Lincoln Mitchell

Political Development, Strategic Communication and Research

Lincoln Mitchell is a political development and strategic communications consultant as well as an accomplished scholar and writer. Mitchell has worked on political development in dozens of countries as well as on numerous domestic political campaigns. He has also published books, articles, opinion pieces and blogs on international relations, the former Soviet Union, democracy, US politics and baseball. 

Patterns of Greatness-George Brett, Willie McCovey and Eddie Murray

George BrettWillie McCovey and Eddie Murray were three of the game’s all-time greats.   Bill James ranked Brett as the 30th greatest player ever, followed by Murray as the 61st and McCovey in the 68th spot.  James awards Murray 437 career win shares, followed by Brett at 432 and McCovey at 408.   James’ ranking makes sense and recognizes Brett’s additional value as a third baseman, rather than a first baseman like the other two.  If, however, we just focus on offensive production, the debate raises some interesting questions not only about peak versus career figures, but about how valuable different kinds of peaks are.

Eddie Murray’s consistent production meant that for a period of about 14 years, 1977-1990, he could be counted upon to produce at a level that was somewhere between all-star and middling MVP candidate, but he never put together a truly outstanding season.  Brett had higher peaks than Murray, but they were unpredictable.  His three best seasons were 1985, 1980 and 1976.  McCovey had an awesome peak from 1966-1970, but outside of those years, and one or two others, he was good, but rarely even performed at a solid all-star level.  George Brett sprinkled about four dominant seasons over a 20 year career that was otherwise made up of seasons that were merely good to excellent.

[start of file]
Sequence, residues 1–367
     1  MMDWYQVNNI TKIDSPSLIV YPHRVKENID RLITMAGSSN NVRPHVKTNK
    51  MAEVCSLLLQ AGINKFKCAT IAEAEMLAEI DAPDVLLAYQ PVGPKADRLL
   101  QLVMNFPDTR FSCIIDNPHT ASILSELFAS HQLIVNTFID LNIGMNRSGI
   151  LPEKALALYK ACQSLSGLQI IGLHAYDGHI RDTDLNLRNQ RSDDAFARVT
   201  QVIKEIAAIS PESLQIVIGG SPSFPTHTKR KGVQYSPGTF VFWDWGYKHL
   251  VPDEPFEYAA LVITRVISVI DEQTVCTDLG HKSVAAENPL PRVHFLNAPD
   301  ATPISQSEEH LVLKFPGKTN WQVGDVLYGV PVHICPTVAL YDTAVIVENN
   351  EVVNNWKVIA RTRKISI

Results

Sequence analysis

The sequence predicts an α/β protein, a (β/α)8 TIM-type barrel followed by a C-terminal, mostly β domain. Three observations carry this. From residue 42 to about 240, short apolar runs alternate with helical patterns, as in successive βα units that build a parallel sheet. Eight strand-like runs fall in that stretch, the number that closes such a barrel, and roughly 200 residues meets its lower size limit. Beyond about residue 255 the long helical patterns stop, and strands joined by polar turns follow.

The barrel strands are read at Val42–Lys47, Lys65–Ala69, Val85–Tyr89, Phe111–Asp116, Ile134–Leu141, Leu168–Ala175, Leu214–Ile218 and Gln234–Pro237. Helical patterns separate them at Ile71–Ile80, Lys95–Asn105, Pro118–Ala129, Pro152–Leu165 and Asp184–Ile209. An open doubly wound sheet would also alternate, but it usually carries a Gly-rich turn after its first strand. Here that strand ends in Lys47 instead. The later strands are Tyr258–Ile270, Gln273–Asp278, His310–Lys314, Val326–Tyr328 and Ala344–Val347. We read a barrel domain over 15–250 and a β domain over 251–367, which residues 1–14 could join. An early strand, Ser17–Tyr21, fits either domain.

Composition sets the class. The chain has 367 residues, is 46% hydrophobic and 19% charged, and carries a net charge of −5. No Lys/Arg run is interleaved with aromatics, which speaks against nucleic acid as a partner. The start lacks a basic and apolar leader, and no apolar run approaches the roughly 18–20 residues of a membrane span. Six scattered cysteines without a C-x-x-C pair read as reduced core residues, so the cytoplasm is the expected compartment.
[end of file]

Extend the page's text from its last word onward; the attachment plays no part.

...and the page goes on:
Eddie Murray was an almost freakishly consistent player.  He had 25 win shares or more, if we adjust for the 1981 strike, every year between 1978-1985.  Brett, again adjusting for the 1981 strike, never managed to put four 25 win share seasons together in a row.  His best was three in a row from 1975-1977.  McCovey’s best in this category was also a three year stretch, from 1968-1970.

Murray had a similar level of consistency with adjusted OPS+, having an OPS+of 130 or better every year between 1979-1986.  Brett’s longest run in this category was 1979-1983.  McCovey, however, managed a seven year run from 1965-1971.   Murray had the longest run in this category despite having the lowest career OPS+ of the three players.

Murray’s impressive stretches of production were not punctuated by any truly outstanding years.  Based on win shares, the three best seasons enjoyed by any of these players were McCovey’s 1969 seasons (39 win shares) followed by Brett’s 1985 season (37 win shares) and Brett’s 1980 season (36 win shares).  Murray’s best season, 1984 (33 win shares) ranks behind two of Brett’s seasons and three of McCovey’s.  Brett’s four best seasons are responsible for 32% of his career win shares and McCovey’s for 34%.  For Murray, the proportion is only 28%.